Elizabeth Gardner Four-Year Fellowship
New research opportunity seeks to encourage greater diversity within the School community.
The Elizabeth Gardner Fellowship supports early-career, postdoctoral researchers in physics and astronomy to prepare themselves for future independent roles in academia and beyond.
The Fellowship is aimed at candidates from backgrounds which are under-represented in the School’s academic community (e.g. gender, minority ethnicity, disability, disadvantaged circumstances, etc.).
Supported by a mentor, the Fellowship aims to provide a collegial environment for researchers to develop their research and submit proposals to secure external research funding (e.g. a 5-year Research Fellowship, such as a Royal Society University Research Fellowship; an Ernest Rutherford Fellowship; or an European Research Council fellowship) and, where appropriate, other external research resources such as telescope/facility time.
The deadline for applications is 17:00, Monday 28 February 2022 (extended from 14 February).
The Elizabeth Gardner Fellowship honours the outstanding achievements of Elizabeth Gardner (1957 - 1988). Gardner studied Mathematical Physics at the University of Edinburgh, graduating with first class honours, and was awarded the Tait Medal, Robert Schlapp Prize, and the Class Medal. After studying for a DPhil at the University of Oxford, she later returned to the School of Physics and Astronomy in 1984 as a Research Fellow. Her works on the optimal storage of neural networks have been selected as two of the most influential papers in the 50th anniversary of Journal of Physics A.
Head of School, Professor Jim Dunlop commented:
The Elizabeth Gardner Fellowship reflects the commitment of the School towards making our community a supportive, inclusive and rewarding place for all colleagues to work, and our passion for supporting the career development of a diverse range of early career researchers.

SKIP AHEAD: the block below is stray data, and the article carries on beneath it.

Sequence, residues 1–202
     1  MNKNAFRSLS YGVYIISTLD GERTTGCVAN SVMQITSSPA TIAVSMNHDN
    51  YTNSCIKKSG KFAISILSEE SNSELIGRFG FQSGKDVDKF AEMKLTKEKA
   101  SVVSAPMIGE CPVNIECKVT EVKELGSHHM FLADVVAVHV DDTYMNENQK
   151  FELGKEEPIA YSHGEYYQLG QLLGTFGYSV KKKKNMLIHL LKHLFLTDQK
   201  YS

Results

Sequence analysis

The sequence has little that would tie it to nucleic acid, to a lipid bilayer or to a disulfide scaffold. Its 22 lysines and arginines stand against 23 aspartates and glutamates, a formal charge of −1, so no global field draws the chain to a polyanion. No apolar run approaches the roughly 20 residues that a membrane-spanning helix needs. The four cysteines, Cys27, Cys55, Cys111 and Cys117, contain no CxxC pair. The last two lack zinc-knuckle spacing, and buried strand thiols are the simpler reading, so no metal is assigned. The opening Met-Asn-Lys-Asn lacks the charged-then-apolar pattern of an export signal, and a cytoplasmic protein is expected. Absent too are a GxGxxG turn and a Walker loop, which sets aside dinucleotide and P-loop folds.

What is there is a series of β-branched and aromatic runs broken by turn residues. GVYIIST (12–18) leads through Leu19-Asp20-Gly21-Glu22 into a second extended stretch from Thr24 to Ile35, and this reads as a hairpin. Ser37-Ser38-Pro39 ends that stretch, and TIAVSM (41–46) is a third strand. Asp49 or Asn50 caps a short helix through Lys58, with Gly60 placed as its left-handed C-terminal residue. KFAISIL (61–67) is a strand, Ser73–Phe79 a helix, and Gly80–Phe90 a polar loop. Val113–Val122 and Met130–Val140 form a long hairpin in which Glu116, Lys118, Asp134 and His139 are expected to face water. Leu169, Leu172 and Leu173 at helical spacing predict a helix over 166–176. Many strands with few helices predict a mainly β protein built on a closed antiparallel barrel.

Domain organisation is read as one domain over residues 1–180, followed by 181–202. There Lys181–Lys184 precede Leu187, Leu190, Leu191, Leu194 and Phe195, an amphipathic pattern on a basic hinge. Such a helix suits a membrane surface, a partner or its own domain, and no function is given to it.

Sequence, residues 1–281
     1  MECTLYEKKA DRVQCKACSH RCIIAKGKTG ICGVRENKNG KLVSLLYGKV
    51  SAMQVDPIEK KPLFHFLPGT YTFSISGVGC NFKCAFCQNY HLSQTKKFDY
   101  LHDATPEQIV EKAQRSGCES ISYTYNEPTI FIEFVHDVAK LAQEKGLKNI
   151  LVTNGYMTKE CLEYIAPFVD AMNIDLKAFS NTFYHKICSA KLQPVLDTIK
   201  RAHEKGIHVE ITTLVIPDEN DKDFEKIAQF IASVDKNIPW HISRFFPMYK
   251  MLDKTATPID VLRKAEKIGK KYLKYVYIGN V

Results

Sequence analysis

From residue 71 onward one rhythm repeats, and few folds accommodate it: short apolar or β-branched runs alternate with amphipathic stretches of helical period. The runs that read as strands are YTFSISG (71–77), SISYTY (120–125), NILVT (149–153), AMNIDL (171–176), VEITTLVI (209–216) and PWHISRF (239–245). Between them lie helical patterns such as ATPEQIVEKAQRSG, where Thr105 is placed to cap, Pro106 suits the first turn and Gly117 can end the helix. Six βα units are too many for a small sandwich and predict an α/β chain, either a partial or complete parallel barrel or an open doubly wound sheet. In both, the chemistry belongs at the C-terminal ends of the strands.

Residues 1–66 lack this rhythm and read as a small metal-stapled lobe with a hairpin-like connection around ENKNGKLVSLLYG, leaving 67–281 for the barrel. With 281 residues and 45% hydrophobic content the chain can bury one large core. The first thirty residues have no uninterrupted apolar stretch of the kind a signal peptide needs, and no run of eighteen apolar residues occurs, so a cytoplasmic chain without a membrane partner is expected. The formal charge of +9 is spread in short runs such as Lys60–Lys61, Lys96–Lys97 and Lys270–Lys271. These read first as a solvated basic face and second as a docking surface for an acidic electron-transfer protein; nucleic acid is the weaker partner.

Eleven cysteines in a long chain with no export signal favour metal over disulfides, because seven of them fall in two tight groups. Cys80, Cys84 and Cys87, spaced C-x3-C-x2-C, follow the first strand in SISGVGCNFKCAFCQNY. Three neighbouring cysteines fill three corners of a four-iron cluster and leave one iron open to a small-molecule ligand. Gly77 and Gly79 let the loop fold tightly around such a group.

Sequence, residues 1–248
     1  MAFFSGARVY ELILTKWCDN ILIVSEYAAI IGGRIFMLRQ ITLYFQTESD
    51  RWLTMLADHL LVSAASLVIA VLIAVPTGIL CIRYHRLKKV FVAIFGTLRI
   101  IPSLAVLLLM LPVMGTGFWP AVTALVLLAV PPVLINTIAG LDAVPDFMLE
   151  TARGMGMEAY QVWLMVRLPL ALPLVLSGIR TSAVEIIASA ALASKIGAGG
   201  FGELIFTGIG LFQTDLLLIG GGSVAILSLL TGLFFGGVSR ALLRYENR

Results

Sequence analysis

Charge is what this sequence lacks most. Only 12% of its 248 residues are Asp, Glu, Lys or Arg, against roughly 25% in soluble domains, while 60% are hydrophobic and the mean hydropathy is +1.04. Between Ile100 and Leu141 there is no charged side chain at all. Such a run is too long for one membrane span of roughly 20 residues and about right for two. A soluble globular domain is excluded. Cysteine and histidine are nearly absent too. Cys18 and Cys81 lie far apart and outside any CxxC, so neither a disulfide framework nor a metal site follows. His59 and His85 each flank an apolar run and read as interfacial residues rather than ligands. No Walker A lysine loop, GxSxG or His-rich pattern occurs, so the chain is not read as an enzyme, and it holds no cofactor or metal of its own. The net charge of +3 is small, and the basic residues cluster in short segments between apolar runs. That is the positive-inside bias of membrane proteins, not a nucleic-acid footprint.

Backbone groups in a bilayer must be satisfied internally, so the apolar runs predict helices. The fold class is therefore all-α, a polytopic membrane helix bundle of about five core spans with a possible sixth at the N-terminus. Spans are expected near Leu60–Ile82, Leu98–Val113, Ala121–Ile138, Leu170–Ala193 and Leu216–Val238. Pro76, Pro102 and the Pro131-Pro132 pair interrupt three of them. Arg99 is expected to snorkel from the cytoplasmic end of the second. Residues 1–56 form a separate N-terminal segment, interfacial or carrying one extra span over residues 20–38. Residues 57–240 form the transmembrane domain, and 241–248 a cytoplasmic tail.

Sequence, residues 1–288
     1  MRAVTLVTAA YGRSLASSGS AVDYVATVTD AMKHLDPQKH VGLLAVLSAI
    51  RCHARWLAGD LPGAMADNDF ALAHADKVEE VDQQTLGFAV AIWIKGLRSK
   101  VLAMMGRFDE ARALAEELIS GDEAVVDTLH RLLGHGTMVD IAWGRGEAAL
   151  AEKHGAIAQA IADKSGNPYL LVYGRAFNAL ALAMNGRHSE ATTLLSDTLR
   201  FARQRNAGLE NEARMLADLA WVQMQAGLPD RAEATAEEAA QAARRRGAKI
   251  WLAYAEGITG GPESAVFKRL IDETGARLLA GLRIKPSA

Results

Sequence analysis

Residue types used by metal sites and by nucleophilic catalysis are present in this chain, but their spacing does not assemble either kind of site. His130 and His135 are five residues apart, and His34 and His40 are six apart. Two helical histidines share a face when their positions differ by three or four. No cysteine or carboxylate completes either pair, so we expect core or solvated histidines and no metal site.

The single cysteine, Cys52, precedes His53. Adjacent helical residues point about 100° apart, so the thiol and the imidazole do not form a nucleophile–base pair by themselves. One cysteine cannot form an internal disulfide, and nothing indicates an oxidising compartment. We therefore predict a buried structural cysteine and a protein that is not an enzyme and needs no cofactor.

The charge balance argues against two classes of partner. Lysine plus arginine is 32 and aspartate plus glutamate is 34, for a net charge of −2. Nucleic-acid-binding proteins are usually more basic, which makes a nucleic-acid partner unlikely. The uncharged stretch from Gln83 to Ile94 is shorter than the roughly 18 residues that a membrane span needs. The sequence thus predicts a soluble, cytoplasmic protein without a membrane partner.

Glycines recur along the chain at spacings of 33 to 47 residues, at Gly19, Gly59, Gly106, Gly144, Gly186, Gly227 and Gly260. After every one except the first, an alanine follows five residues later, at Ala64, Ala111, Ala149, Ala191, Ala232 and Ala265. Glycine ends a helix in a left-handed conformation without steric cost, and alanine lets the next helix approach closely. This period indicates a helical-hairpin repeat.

Professor Martin Evans, Director of Research, who was a PhD student under Elizabeth Gardner said:
Elizabeth was a brilliant young scientist whose work is still currency today: the 'Gardner Volume' remains a cornerstone of the theory of neural networks and the 'Gardner transition', predicted by Elizabeth in 1985, has recently been confirmed in diverse contexts ranging from jamming of amorphous materials to theoretical ecology. As an early career researcher in Edinburgh, Elizabeth was a thoughtful and caring supervisor, and this fellowship is a fitting tribute to her memory.
Professor Annette Zippelius, Georg-August-Universität Göttingen, former collaborator with Elizabeth Gardner commented:
I deeply admire Elizabeth’s work on spin glasses and neural networks. Her computation of the capacity of the perceptron is ground-breaking work for generations to come. It combines sophisticated techniques with a clear view on the relevant physics, a masterpiece so to say. Her work is an outstanding example of a powerful analytical calculation in a field where these are rare. I think it is a great idea to set up a Gardner fellowship in Edinburgh. Elizabeth is definitely a role model for young women in physics and a fellowship in her name will be a powerful tool to promote young women in science.
Sir David Wallace, former Head of Department of Physics and Astronomy at the University of Edinburgh:
Elizabeth was an interesting person. On the face of it, when you met her, she was quite shy, quite retiring, very self-effacing, until she started talking about physics and mathematical physics and then she just opened up as a person. She was such a curious and interested person, and Elizabeth had wider curiosity than just fundamental physics, anything that was challenging, really. Her science was strong as is attested by the impact her work has made later, after her death, and the significant legacy she has left.
Professor Giorgio Parisi, Nobel laureate 2021 said:
I regret that I never had the intellectual pleasure to work with Elizabeth. She was a great scientist and she has given fundamental contributions to the development of statistical mechanics. I have spent my last ten years working on problems related to the Gardner transition in glasses and in other systems. The Elizabeth Gardner Fellowship is a great idea that I strongly support: we must remember our best scientists.
Professor Bernard Derrida, Collège de France, former collaborator commented:
I certainly very much support the idea of this fellowship in the name of Elizabeth. Working with Elizabeth was both pleasant and very stimulating, she was quick to understand and to push very difficult calculations. She was shy but very friendly and I feel that I was very lucky to collaborate with her and I learnt so much during our collaborations. More than 30 years after her death, we can clearly measure the impact of her work, and given that she did all that before she was 30, one can only imagine what her influence on theoretical physics could have been if she had lived longer. Despite her illness, she made wonderful contributions during the last two years of her life, without complaining or even mentioning her health problems.